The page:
The Big Sick

It can be easy to discount a genre film for staying in its lane. After so many years of slasher films and superhero movies and zombie invasions, it’s understandable to become complacent or jaded as more and more of them flood an increasingly busy film market. We’ve seen it all before. Nothing’s going to change, no chances to be taken, it’s the same story as the last with different actors. We want to see something different. We want to see the zombies run instead of shamble. We want the slasher movie to withhold its catharsis. We want excitement and deconstruction, to be surprised. And eventually, that begins to happen. Maybe on the fringes at first, through independent movies with low budgets and low risk without studio backing, slowly beginning to catch on with the mainstream. Eventually, these risky nonstandard genre films become the new normal.

The Big Sick, the third film directed by The State and Stella alum Michael Showalter, isn’t interested in shaking things up. It is the Platonic Ideal of a standard meet cute romantic comedy. Written by real life married couple Kumail Nanjiani and Emily Gordon, it is quite simply the story of how they met. Kumail (Nanjiani playing himself) is a stand-up comedian toiling away in Chicago as his traditionalist family tries to set him up with a series of arranged marriages. Emily (Zoe Kazan) is a PhD student looking to become a therapist who genially heckles Kumail at a show one night, leading to a torrid romance. Kumail’s family would never accept a non-Muslim wife, forcing him to choose between his family and his heart when Emily falls to a mystery illness that lands her in a medically induced coma. Emily’s parents (Holly Hunter and Ray Romano) come to town to watch over their daughter, causing Kumail’s life to complicate even more.

The Big Sick is the sort of film that, if you really wanted to, you could probably map out the major plot turns without seeing more than the first five minutes. It doesn’t go in any surprising directions or try to subvert the genre in any way. It has its share of contrivances, though it feels more genuine than some of the more absurdly structured romantic comedies of times past. IT helps that this film about a stand-up comedian is filled with real stand-ups (the likes of Bo Burnham, Aidy Bryant and Kurt Braunohler represent Kumail’s inner circle); it’s easy for canned film stand-up to feel just like that - canned, and The Big Sick succeeds by making it seem like they just brought cameras to real shows. The relationship between Kumail and Emily’s parents feels equally realistic; though tangled up in quite a few romantic comedy contrivances, Hunter and Romano deserve quite a bit of credit for giving these characters multiple dimensions. The script gives them plenty to dig into, and they are more than game.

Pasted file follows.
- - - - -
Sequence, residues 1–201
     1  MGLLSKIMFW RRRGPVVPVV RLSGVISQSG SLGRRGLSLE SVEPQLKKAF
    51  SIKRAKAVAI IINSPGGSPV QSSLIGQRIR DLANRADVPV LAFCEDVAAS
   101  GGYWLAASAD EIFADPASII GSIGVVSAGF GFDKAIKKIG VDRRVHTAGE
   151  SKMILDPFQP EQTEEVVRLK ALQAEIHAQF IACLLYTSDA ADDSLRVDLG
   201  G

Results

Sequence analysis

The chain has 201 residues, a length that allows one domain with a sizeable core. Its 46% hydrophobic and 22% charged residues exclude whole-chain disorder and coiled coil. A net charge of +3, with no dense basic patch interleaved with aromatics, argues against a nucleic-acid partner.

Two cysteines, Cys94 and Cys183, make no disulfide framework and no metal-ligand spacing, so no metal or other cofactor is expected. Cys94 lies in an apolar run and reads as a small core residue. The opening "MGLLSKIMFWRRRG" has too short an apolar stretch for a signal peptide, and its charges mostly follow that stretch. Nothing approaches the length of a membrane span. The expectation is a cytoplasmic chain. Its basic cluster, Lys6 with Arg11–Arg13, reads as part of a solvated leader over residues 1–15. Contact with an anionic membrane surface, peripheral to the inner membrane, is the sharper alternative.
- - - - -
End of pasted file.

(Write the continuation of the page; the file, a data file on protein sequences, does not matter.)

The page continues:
Of course, a romantic comedy is only as good as its leads. Kazan is no stranger to the form, having previously appeared as the object of affection in the likes of What If? and Ruby Sparks. She outwardly fits the manic pixie dream girl mold, but The Big Sick gives her plenty of definition to make her a real character. She remains an engaging presence on screen. This is Nanjiani’s biggest role to date. He’s become a name thanks to Silicon Valley and a host of guest spots in all sorts of films, but this is a big step out into the spotlight for him. Supporting actors making the move into a lead isn’t always a sure bet, but Nanjiani is perfectly comfortable here (playing an exaggerated version of himself couldn’t have hurt that transition). He’s proven himself a sardonic wit in his other roles, and that remains the case here. They make for an undeniably charming couple, the sort you want to root for as as the relationship hits its inevitable rocky stage in act two.

Showalter as a director is thoroughly competent, unsurprising after making The Baxter and Hello, My Name is Doris. Those films are acting showcases, and Showalter isn’t at all interested in reinventing the visual wheel, sticking with standard dialogue coverage and two shots conventionally edited. His strength lies in cultivating performance and believable tone, which is all a film like The Big Sick needs to succeed. There are a few distracting Apatow-style improv runs (Apatow produced the film) that aren’t quite bad, but feel out of place in a genre that’s generally left such flourishes behind. It helps a bit that these actors are real comedians, but it still seems artificial. These moments are few and far between, making the quibble a minor one in the grand scheme of things. And it certainly doesn’t detract from a film as entertaining and engrossing as The Big Sick usually is. It’s formula, but it’s nearly perfect formula, which can still count for quite a bit these days.